I joined a forum.
It was a pretty tame forum, compared to the others I’d stumbled across. This one was for, as they called themselves, “Underground Families.” Literally, it was a ton of people who lived underground or in completely isolated areas with their families, all over the world. And they weren’t like the backwoods inbred families you see in horror movies, or giant religious communities like the one discovered in Texas. Most of these families were pretty small in numbers, usually living in some warehouse or basement, or even a normal house, in some cases. What brought them together was that they never left their homes… ever. They were living completely secluded lives- only socializing with their own family and the people on this forum.
There was no talk of torture or human trafficking or kidnapping. No talk of murder or inbreeding. Seriously, they appeared to be totally normal families, who honest to God just wanted to live alone. Stay “off the grid” so to speak. Really not all that weird or uncommon, actually.
I’d joined the forum purely for access to the all the topics (you had to be a registered user to view them.) I wasn’t planning on talking to anyone.
But one user caught my eye. He seemed to be extremely popular on the site; he’d posted several threads, and had way more thread views and replies than most of the others. He replied to everyone- even silly remarks you’d think would have gotten lost in such heavily populated threads.
Not wanting to bring attention to myself (the community was actually a decent size, but I still felt like they’d easily sniff out a newbie like me and begin questioning my authenticity), I messaged him privately.
“Hi! Sorry to message you out of the blue like this, but I’m new to the forum and didn’t feel totally comfortable posting yet.
I’m trying to write an unbiased article for online publication about Underground Families, and was hoping you could tell me more about your life. I’m ultimately hoping to give public insight about family life in seclusion, compared to, say, one person who lives alone. I’m also interested in the reason behind your family’s decision to live underground. If you’re interested and willing to offer your views, I have several questions ready! There’s absolutely no obligation to answer any of the questions you don’t like or don’t feel comfortable answering, and none of them are personal towards you specifically or would take away your anonymity. Thank you!”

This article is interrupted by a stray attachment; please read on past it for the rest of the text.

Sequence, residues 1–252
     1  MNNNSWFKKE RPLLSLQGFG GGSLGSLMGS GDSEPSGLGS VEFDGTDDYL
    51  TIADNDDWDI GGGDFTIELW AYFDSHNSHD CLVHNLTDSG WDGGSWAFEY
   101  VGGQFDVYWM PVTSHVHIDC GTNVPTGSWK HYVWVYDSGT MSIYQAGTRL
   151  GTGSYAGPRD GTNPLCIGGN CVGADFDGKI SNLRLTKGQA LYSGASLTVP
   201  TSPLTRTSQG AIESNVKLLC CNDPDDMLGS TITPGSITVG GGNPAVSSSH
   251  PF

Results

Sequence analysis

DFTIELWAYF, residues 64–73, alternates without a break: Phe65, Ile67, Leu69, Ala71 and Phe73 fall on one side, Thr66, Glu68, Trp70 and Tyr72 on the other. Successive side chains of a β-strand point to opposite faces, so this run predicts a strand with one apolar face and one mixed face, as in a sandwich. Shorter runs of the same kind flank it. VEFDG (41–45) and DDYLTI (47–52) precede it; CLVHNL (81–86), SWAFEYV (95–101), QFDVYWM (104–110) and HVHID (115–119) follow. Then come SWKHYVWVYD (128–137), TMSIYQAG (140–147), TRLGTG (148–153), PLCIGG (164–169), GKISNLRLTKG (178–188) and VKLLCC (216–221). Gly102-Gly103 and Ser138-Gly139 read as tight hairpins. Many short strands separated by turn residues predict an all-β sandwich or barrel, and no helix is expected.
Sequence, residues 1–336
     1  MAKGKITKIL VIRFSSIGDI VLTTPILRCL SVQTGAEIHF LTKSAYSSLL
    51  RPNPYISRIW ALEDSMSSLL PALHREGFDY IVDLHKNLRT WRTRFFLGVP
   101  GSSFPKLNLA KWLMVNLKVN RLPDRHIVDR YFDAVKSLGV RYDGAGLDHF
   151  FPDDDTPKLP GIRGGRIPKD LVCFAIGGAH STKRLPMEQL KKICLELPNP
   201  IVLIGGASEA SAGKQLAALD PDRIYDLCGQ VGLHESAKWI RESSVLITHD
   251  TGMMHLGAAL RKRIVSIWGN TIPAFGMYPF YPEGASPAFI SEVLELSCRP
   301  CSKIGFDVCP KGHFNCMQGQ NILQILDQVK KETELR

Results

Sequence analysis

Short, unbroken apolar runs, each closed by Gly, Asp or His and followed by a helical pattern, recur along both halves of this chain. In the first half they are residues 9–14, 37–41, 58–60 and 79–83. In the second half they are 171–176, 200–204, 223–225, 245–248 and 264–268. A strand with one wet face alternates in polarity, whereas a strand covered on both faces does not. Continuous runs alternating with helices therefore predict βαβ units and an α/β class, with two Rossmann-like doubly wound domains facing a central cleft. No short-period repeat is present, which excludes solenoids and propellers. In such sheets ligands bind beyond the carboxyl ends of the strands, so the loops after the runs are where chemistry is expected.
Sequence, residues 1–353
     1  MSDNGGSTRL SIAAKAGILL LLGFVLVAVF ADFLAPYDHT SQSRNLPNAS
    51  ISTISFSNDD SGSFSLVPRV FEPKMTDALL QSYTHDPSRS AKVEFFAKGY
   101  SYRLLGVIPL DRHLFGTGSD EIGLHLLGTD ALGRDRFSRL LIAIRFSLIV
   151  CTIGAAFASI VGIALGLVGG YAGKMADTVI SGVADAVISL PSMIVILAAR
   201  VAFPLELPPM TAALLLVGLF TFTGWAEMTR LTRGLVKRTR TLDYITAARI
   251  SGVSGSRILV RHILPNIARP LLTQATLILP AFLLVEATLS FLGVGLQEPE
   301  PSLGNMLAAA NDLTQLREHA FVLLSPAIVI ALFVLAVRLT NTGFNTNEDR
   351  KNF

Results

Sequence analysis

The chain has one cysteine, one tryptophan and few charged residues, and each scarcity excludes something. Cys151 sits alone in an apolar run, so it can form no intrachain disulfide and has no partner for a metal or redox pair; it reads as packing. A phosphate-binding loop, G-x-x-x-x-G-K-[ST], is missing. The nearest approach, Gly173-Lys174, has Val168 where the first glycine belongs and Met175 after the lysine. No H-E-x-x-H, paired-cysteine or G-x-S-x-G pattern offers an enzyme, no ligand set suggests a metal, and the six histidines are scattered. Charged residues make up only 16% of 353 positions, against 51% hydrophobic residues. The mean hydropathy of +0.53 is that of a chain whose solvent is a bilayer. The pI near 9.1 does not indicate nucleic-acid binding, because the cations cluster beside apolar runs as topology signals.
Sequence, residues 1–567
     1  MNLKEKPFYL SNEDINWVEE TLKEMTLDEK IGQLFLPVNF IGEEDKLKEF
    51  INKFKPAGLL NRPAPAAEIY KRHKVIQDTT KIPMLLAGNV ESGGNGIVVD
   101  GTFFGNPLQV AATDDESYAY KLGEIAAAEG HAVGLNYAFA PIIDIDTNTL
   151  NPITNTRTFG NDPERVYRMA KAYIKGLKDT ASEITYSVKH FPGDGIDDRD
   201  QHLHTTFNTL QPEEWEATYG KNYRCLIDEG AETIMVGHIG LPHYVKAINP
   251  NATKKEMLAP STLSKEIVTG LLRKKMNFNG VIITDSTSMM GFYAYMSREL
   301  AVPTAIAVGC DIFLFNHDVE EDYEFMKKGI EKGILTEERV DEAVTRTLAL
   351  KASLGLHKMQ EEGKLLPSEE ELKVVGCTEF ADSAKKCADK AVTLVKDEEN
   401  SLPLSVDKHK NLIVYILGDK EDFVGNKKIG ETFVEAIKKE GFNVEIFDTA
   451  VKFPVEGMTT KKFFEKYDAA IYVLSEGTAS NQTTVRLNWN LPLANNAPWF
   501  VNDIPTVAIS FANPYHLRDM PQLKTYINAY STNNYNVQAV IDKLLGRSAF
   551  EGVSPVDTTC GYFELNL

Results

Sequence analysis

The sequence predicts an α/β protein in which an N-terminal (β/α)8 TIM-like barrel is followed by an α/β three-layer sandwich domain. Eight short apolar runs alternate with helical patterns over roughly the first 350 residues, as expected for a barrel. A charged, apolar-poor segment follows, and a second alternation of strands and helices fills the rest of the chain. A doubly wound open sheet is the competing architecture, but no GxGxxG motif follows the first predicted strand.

So I’d lied about the article thing, but I had a gut feeling that if I’d tried to talk to him pretending to be a member of an underground family myself, he’d call me out immediately. You can’t just read a couple posts about something you’ve never heard of before and then blend into their community seamlessly. Besides, this way, I could ask all the questions I wanted without fault. My motive was presented up front- he could either say yes or decline. No harm done either way.
Several days passed with no response, so I stopped lurking the forum as often. After a while, I only checked it once every couple of days. Eventually, a week passed, and I’d basically moved on altogether.
The second week after sending that message, I did get curious again, so I went back to the forum. But it was gone. The entire thing was gone. Did I have the right web address? Yeah, definitely the same. Where was it? The site wasn’t just taken down- the entire page was disabled. Just got an error message- this site doesn’t exist. What?
Was it because of my message? Did he report it, the owners get spooked, and the whole place got deleted?
There wasn’t even anything bad on that forum. Why would they react so seriously to one message? They were on the Shadow Web- all presumably browsing completely anonymously like I was. Surely I couldn’t have been the first curious person to find it and ask questions.